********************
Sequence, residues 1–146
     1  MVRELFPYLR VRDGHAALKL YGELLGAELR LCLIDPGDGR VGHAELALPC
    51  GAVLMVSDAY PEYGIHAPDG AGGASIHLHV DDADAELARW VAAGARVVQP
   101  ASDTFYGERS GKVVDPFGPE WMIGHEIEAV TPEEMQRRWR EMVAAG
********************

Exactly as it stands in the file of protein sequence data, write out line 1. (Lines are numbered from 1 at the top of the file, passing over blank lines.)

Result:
Sequence, residues 1–146